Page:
Augustus: The Life of Rome’s First Emperor

Gaius Octavius Caesar, better known as Augustus is without question one of the most influential men in the history of the West. The story of his life and accomplishments is an astonishing one, and yet full of contrasts. He was the first emperor of the Roman Empire, yet he never used that title. Augustus began his life as the son of a relatively minor Italian aristocrat but became the most powerful man in Rome. He was the grandnephew and adopted son of Julius Caesar and used this connection to leap to the heights of Roman politics, yet his cautious personality was the opposite of Julius Caesar’s more flamboyant style. His rise to power showed a ruthless and often bloodthirsty deposition, yet when he had achieved absolute power, he governed justly and humanely. He had little military skill, unlike his grand uncle, but, with the aid of his friend Agrippa, he was able to defeat his rivals in the civil wars that ended the Republic. He was an absolute ruler, but he maintained the fiction that he had restored the Republic and scrupulously followed the forms of the old Constitution, while remaking Roman politics in a form that endured for the next two centuries. He always suffered from uncertain health, but he outlived nearly every one of his associates, including several possible heirs to his position.

English: A statue of the first Roman Emperor A...

 Augustus: The Life of Rome’s First Emperor by Anthony Everitt is a wonderful biography about the first Roman Emperor. Everitt tells the story of Augustus from his boyhood to his climb to power and his death. This is a sympathetic biography and while reading it, one feels exhilarated by Augustus’s victories and sorry for his losses, especially in his last years when it seemed that no one would be able to maintain the political structure he so carefully built after his death. Everitt portrays Augustus as a statesman, who for all of his faults was concerned to leave Rome better than he found it. His influence lasted as long as the Empire lasted and on to the present day.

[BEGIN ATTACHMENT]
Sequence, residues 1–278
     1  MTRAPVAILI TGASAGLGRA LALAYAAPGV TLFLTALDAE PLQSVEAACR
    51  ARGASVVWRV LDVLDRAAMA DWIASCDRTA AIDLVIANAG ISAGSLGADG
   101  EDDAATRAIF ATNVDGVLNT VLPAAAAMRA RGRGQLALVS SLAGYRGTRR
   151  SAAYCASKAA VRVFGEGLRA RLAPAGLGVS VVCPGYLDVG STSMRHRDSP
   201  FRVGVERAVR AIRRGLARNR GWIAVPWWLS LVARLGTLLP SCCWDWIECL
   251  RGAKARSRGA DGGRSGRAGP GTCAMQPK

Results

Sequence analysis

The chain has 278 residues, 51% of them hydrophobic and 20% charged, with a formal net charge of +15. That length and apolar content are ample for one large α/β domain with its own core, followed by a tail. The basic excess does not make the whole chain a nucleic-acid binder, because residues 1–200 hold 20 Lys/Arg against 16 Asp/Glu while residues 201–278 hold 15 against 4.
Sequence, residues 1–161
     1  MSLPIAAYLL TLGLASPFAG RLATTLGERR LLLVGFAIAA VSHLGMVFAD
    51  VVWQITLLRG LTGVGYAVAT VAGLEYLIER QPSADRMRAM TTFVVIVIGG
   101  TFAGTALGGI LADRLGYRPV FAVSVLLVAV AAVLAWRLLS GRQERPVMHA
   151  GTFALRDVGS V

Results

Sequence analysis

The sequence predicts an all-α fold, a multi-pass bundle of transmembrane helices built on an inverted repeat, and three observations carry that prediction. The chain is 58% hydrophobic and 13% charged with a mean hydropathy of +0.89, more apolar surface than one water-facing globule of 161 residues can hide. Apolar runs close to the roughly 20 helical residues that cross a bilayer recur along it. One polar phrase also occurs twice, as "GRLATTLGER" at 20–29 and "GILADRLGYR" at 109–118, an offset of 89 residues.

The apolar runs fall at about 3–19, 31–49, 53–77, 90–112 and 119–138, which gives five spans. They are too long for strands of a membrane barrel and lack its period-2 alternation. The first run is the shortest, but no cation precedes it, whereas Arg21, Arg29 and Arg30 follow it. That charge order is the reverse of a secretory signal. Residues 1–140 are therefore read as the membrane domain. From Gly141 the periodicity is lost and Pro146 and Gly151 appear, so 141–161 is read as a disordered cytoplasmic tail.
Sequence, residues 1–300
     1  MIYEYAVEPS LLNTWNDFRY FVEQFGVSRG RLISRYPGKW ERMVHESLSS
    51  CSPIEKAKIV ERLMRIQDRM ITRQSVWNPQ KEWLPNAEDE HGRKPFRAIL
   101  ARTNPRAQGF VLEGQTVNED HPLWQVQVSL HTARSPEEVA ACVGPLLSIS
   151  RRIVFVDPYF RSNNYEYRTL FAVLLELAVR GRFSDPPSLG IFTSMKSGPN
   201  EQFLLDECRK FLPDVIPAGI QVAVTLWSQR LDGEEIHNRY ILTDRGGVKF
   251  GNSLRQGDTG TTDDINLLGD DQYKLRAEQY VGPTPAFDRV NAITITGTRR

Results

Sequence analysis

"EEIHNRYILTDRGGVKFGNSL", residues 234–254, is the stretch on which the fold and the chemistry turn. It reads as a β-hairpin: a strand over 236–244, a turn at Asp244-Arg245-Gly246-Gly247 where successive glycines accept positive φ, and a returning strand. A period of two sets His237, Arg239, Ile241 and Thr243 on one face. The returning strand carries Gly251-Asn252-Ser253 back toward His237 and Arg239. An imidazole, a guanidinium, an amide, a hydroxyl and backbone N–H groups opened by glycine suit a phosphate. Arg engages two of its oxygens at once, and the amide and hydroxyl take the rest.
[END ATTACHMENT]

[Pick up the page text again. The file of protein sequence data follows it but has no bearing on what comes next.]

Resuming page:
Augustus’s last words were reputed to be, “Have I played the part well? Then applaud as I exit.” He certainly had played his part well.

Barack Nero Claudius Obama

Nero Claudius Caesar Augustus Germanicus, more familiarly known as Nero was one of the most notorious of the Roman Emperors. Many historians have depicted him as a monster of vice and cruelty. He really wasn’t all that bad, though. He reign was actually mostly successful until the end. Still, I wouldn’t call him exactly good either. He did murder his own mother and he was the first of the emperors to persecute the Christians. One of the most prominent and long-lasting stories about Nero is that when the City of Rome nearly burned completely down in 64 A.D., Nero did nothing to try to help anyone and instead played his fiddle while singing of the fall of Troy.

That story is almost certainly fictional. For one thing the violin had not been invented yet, so Nero would have played a lyre. Actually, Nero was out of town when the fire broke out, but rushed back to Rome as soon as he received the news. There wasn’t much anyone could do to fight the fire in those days, but Nero did open up his palace gardens to house the Romans made homeless by the fire. Unfortunately, after the fire finally burned out, Nero decided to rebuild Rome, replacing the old, narrow streets and crowded tenements with a rationally designed new Rome, which included a huge new palace for himself. This started the rumor that Nero had started the fire himself and led to his blaming the Christians and persecuting them.

Whatever the truth of the story, however, the phrase fiddling while Rome burns has become a byword for someone who takes no action or is distracted by trivialities when things are falling apart all around them. Which, brings us to our modern Nero.

The entire Middle East is burning and Barack Obama doesn’t seem to be taking matters at all seriously. Well, he does take fund raising for his reelection campaign seriously.

WASHINGTON — President Barack Obama’s re-election campaign is getting a boost from pop stars Beyonce and Jay-Z.

The superstar couple will hold a fundraiser with Obama on Tuesday at a swanky New York nightclub that Jay-Z owns.

Tickets are $40,000, but the campaign says a small donation lands a chance to win two tickets — airfare and hotel included.

Beyonce says in an email to Obama’s supporters that she’s a huge fan and will do whatever it takes to help him win a close race.

This isn’t the first time the Obamas have teamed up with the A-list couple to promote each other’s causes. Michelle Obama helped Beyonce with efforts to promote global humanitarianism, and the president appeared in a pre-recorded video earlier this month at a Jay-Z event in Philadelphia.

Yet, he can’t take time off from his busy schedule to attend daily intelligence briefings, heed warnings that our embassies might come under attack, meet with the Israeli Prime Minister over Iran’s continuing progress in making itself a nuclear power, or even take our looming fiscal catastrophe seriously. He might as well be fiddling.